Is It My Horse, or Is It Me?
Urraca knows what she’s doing. The champion Lusitano dressage horse responds quickly and expertly to the precise cues of her rider and trainer, Barbara Clément Klinger of Boissière Ecole, France. A shift of the hip here, a lift of the reins there, and touch of the spur, and the massive gray mare reacts with lightness and—dare we say it?—willingness. They exhibit a partnership that blurs the line between horse and rider as two separate beings.
Now, enter Christa. Yes, me. It’s my turn to ride the Iberian horse. This won’t be so hard. I’ve been studying and writing about and practicing learning theory on horses for years. I can ride a fancy Lusitano dressage horse, right?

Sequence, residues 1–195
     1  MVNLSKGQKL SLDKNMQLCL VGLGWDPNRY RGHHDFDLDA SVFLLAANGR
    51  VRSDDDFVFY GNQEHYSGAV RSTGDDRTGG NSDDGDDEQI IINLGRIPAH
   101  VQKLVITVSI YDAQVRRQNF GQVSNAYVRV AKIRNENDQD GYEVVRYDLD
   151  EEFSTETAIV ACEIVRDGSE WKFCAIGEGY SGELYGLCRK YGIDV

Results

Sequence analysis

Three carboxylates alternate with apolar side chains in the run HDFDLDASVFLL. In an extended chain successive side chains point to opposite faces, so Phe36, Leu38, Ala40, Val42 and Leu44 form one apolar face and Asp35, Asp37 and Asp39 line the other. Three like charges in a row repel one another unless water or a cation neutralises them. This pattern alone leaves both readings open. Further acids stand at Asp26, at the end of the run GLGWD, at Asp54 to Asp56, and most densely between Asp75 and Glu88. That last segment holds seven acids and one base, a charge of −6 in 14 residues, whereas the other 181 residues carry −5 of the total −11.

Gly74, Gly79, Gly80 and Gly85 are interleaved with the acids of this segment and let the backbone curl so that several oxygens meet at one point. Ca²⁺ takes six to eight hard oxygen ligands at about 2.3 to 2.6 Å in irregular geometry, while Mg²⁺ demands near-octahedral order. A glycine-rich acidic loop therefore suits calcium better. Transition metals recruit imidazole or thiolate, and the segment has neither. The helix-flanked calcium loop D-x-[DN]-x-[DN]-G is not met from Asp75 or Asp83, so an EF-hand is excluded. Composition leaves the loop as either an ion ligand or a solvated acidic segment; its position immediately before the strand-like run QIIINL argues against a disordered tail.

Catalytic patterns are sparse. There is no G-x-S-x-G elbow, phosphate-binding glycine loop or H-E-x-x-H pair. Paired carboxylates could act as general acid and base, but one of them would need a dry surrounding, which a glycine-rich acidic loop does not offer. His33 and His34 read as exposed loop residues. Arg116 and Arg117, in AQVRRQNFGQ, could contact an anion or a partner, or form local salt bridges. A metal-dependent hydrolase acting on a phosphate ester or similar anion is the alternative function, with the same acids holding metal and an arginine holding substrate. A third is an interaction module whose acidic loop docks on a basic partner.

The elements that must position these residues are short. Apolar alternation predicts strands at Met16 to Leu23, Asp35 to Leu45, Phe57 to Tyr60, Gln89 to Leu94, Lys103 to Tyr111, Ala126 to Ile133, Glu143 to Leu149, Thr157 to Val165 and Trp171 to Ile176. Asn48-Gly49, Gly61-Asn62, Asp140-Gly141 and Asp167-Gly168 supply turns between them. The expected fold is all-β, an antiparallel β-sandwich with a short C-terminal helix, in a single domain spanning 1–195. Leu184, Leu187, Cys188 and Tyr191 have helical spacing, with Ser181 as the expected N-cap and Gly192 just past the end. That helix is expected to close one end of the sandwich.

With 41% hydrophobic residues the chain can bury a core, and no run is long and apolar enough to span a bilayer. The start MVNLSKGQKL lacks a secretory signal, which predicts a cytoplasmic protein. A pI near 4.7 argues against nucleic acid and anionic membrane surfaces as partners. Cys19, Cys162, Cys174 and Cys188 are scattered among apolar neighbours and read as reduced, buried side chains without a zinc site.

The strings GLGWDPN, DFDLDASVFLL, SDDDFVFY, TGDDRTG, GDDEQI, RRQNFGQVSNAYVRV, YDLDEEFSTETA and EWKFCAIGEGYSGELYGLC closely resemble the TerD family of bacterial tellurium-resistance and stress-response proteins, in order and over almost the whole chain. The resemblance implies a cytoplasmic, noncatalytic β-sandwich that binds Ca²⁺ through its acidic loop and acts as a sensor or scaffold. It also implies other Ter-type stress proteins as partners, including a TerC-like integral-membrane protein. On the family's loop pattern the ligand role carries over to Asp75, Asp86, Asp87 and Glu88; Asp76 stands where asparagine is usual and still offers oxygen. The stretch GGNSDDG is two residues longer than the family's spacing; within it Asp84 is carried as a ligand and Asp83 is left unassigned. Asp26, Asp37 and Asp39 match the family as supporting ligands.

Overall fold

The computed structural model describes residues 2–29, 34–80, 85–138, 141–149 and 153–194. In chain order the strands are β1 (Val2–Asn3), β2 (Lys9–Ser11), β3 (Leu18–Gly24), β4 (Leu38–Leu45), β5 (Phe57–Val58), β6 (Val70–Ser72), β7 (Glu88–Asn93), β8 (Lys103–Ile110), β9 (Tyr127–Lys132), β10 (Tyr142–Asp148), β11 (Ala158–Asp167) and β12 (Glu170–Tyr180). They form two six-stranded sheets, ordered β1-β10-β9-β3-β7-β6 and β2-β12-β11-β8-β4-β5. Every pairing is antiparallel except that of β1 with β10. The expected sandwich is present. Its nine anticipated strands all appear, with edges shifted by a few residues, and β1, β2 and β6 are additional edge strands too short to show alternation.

But I swing my leg over Urraca, and that striking unison of rider and horse is gone. I’m definitely a rider who’s sitting on a horse and trying to communicate clearly and subtly … and not getting very far. Urraca’s confused; I’m frustrated. The ride is a real workout and, frankly, it’s not very fun for either of us. It’s awfully tempting to just drop the reins and my head and say, “She’s not listening!” or “She doesn’t want to work for me!” or even, “She’s just trying to see what she can get away
Create a free account with TheHorse.com to view this content.
Stay on top of the most recent Horse Health news with